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More on the Tax Offsets and the Structure of the American Jobs Act

I wanted to start a new thread on this, because the mechanism for how the American Jobs Act gets paid for is kind of confusing. And even though this bill in total won’t see the light of day, I think it’s worth figuring out what the Administration is doing.

The text of the bill, submitted to Congress, is here. As you can see, it has all the jobs measures described before, along with the pay-fors discussed today. There are also Buy American provisions for the infrastructure projects, and a prohibition on hiring discrimination for the long-term unemployed. But right at the end – in fact, it’s the last section of the bill – is this:


(a) INCREASED TARGET FOR JOINT SELECT COMMITTEE.— Section 401(b)(2) of the Budget Control Act of 2011 is amended by striking “$1,500,000,000,000” and inserting “$1,950,000,000,000”.
(b) TRIGGER FOR JOINT SELECT COMMITTEE . – Section 302 of the Budget Control Act of 2011 is amended by redesignating subsection (b) as subsection (c) and by inserting after subsection (a) the following new subsection:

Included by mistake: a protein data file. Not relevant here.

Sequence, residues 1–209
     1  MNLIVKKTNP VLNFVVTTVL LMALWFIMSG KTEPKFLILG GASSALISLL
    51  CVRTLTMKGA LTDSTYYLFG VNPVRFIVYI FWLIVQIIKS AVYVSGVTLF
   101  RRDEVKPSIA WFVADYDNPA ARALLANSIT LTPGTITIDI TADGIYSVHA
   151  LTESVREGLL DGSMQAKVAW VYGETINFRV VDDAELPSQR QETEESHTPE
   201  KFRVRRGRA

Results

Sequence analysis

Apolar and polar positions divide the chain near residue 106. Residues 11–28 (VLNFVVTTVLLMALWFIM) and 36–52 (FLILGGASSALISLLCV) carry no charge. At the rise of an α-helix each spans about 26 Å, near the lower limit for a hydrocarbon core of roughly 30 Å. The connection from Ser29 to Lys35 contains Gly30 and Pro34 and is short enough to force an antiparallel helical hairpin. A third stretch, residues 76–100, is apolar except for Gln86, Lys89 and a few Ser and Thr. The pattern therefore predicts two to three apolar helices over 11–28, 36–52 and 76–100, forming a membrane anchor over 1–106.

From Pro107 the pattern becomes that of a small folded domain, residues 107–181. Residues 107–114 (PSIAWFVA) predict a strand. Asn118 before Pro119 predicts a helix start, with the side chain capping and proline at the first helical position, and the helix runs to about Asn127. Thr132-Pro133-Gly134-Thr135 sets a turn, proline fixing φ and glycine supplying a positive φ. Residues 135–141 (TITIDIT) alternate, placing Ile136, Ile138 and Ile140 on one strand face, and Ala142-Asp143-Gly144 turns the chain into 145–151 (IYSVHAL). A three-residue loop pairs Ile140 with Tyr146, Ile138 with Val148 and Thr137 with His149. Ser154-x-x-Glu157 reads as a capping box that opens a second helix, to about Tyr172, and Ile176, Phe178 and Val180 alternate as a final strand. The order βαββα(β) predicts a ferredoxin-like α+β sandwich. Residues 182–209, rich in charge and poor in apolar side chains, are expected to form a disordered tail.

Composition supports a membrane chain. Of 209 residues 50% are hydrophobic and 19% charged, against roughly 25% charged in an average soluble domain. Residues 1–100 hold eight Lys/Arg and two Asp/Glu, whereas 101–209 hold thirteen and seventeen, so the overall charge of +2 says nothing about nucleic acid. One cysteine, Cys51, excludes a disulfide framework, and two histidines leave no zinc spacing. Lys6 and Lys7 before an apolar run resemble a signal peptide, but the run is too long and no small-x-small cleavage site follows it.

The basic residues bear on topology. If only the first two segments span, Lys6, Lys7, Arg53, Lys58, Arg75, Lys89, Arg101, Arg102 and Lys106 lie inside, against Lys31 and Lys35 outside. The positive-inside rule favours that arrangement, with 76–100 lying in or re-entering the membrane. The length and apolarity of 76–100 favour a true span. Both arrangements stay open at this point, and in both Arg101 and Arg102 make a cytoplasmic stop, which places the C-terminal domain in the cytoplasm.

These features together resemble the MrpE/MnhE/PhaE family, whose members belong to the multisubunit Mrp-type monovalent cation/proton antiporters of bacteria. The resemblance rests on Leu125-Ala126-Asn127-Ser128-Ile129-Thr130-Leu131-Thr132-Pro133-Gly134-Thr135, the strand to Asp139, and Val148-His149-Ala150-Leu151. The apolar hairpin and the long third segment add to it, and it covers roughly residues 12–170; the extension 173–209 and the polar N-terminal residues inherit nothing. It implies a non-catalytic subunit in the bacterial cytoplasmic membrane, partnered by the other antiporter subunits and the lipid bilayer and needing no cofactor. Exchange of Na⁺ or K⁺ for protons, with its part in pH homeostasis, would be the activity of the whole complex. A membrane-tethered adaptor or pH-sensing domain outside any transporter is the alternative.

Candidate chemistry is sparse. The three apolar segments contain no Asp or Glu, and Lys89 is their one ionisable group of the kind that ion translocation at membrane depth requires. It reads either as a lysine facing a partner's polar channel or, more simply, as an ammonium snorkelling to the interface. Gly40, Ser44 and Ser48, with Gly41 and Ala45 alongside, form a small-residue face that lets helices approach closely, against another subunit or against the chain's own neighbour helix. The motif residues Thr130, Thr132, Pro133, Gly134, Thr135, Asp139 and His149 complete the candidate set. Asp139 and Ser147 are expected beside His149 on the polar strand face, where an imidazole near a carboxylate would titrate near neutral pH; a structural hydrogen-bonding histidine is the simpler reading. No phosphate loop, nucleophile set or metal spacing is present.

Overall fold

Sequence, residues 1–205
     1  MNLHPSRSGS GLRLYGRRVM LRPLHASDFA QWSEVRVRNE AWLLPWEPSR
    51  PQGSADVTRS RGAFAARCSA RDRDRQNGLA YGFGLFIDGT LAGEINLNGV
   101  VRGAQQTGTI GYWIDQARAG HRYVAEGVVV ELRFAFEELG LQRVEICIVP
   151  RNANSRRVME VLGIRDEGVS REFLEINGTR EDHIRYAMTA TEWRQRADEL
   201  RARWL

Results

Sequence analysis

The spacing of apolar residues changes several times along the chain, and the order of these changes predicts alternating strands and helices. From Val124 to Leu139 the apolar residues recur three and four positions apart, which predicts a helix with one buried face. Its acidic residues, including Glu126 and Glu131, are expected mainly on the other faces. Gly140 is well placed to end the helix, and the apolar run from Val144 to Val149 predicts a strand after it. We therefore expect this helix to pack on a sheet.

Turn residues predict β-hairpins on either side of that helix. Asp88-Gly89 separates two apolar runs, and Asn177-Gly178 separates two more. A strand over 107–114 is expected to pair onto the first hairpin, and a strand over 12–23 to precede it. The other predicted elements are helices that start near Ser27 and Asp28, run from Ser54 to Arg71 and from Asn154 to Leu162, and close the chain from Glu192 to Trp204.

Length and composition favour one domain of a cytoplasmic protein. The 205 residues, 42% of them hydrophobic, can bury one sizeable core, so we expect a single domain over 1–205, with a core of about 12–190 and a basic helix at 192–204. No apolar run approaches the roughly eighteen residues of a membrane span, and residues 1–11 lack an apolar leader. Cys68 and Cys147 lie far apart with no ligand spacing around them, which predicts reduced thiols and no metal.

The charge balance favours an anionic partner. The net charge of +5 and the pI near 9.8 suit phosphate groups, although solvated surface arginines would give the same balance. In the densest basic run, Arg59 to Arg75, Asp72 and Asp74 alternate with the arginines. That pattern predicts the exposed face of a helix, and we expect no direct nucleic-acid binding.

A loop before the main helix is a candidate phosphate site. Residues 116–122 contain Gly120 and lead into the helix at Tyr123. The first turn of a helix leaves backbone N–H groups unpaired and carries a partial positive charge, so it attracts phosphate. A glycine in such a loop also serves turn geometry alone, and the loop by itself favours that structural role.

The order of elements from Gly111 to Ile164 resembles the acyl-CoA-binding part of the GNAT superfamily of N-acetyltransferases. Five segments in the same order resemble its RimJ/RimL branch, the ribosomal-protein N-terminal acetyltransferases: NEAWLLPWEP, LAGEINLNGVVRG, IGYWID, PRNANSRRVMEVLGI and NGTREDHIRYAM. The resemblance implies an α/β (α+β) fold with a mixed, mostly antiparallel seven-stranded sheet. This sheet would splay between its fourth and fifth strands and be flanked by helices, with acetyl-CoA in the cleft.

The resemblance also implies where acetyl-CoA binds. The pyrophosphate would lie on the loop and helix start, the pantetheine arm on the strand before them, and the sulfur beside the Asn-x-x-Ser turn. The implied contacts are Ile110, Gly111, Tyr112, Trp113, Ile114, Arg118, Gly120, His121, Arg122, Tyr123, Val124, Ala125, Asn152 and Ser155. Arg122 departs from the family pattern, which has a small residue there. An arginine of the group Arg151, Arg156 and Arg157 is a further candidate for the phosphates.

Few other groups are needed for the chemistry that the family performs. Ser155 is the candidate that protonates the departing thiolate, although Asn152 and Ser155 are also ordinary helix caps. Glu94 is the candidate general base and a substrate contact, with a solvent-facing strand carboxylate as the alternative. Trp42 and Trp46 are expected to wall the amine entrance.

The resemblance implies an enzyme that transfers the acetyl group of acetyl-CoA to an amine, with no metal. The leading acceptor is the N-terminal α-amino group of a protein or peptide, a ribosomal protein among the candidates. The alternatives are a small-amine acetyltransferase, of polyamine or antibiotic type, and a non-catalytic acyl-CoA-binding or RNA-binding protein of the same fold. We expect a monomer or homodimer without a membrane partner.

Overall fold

“(b) TRIGGER.— If a joint committee bill achieving an amount greater than “$1,650,000,000,000” in deficit reduction as provided in section 401(b)(3)(B)(i)(II) of this Act is enacted by January 15, 2012, then the amendments to the Internal Revenue Code of 1986 made by subtitles A through E of title IV of the American Jobs Act of 2011, shall not be in effect for any taxable year.”.

Let’s sort through what this means. Right now, the Super Committee must come up with $1.2 trillion in deficit reduction, and get that bill passed, or the trigger kicks in. The trigger would make cuts to discretionary programs as well as defense and Medicare providers. The target for the Super Committee is $1.5 trillion, because at that target level, the debt limit gets increased by a similar amount.

This amendment to the debt limit deal adds $450 billion, the approximate cost of the American Jobs Act, on top of that. So the target for the Super Committee to shoot for now becomes $1.95 trillion (I don’t think the debt limit will increase by $1.95 trillion as a result). Similarly, this basically adds to the trigger, with the provisions on the tax side. If the American Jobs Act passes, those tax-side provisions, raising $467 billion or so, would come into play. But they would be canceled if the Super Committee found $1.65 trillion in deficit solutions. It just creates a new trigger.

Given all this, it’s hard to say that the bill has a bunch of tax increasing offsets to it. It just punts the final decision back into the Super Committee. If the Super Committee found $1.65 trillion in all-cuts solutions, the tax stuff would go away. So these tax offsets create a nice talking point. But they wouldn’t go into effect automatically if the bill passed, as the Super Committee could still find a way around them.

Basically, the Administration wants the Super Committee to figure out how to pay for the jobs bill. They gave some suggestions today, but they don’t have to be taken.

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David Dayen

David Dayen

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